28  Peter began to say to him, “Look, we have left everything and followed you.”  29Jesus said, “Truly I tell you, there is no one who has left house or brothers or sisters or mother or father or children or fields, for my sake and for the sake of the good news,  30who will not receive a hundredfold now in this age—houses, brothers and sisters, mothers and children, and fields with persecutions—and in the age to come eternal life.  31But many who are first will be last, and the last will be first.”

In our reading, Jesus and his followers are setting out for a road trip.  A man comes running up to Jesus and asks, “What must I do to inherit eternal life?”  What do we know about this man?  Only that he has many possessions.  But we can infer from the man’s question that he really doesn’t get Jesus or his mission.  He’s got his daily planner and it says: workout– check, prayer– check, meeting with investment manager– check, confirm eternal life– check.  Something is wrong with this picture.  This man’s religion is all about being good– very good– and following the rules and getting the right answer every time.  And Jesus’ answer is:  “Wrong question.”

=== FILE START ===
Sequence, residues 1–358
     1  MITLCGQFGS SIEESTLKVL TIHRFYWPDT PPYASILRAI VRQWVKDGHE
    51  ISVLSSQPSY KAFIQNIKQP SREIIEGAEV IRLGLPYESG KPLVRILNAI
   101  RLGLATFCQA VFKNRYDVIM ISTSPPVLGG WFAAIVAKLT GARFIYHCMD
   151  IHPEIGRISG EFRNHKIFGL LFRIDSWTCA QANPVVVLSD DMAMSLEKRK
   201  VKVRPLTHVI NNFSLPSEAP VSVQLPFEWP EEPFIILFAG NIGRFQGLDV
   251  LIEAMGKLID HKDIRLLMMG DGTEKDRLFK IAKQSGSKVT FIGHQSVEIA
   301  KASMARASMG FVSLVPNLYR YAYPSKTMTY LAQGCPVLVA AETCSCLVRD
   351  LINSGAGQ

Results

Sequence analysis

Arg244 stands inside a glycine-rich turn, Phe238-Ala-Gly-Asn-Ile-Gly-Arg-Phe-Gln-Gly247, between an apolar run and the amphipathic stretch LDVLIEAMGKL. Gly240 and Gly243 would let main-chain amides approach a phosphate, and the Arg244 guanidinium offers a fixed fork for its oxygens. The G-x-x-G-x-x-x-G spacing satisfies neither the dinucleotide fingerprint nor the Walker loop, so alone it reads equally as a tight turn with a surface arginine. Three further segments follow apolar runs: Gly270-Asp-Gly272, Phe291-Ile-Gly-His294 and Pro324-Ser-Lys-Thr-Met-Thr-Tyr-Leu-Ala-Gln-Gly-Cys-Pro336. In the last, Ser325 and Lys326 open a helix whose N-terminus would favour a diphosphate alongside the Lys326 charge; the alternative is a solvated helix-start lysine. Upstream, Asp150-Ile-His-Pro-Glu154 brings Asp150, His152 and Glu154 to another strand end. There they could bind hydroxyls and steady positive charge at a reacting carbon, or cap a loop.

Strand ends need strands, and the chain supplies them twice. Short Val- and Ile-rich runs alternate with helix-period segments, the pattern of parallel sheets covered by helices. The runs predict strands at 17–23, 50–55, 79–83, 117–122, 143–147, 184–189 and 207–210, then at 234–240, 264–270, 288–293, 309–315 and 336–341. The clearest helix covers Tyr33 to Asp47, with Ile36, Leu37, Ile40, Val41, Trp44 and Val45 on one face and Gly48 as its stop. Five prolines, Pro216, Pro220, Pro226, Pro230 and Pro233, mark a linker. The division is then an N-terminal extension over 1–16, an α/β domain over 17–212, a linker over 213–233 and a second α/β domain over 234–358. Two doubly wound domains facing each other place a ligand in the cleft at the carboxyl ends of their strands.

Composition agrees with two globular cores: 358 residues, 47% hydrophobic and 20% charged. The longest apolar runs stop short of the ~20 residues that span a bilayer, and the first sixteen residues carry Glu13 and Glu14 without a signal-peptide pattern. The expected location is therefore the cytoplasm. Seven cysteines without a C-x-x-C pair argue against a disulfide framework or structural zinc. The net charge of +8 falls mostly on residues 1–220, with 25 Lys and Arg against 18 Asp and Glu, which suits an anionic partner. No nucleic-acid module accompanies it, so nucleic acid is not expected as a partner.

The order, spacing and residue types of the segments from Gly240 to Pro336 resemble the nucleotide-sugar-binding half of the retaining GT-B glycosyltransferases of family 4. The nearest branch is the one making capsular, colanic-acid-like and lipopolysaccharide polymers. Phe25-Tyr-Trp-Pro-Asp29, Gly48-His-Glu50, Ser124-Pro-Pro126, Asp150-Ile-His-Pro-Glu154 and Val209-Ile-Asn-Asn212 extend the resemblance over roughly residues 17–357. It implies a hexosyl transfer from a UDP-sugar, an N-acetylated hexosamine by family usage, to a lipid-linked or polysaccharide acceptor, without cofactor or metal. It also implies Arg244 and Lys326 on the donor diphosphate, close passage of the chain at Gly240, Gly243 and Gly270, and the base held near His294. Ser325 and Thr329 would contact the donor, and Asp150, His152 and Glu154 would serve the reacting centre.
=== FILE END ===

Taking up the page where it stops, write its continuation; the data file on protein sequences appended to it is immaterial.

“Why do you call me good? No one is good but God alone.” says Jesus.  I love that Mark reports that, and I can’t imagine how hard it was for Matthew and Luke to copy Mark.  All the man meant by calling Jesus “good” was a social nicety.  Jesus isn’t having it.  He’s undermining the idea that “being good” is what makes us right with God, because if Jesus isn’t good, who can be?  Being good is not our goal.  It is a possible side effect of relationship with God and trying to follow Jesus.  But this guy is good at being good.  To him that’s what religion is about.  He’s so good at being good he wants extra rules to show he can be extra good.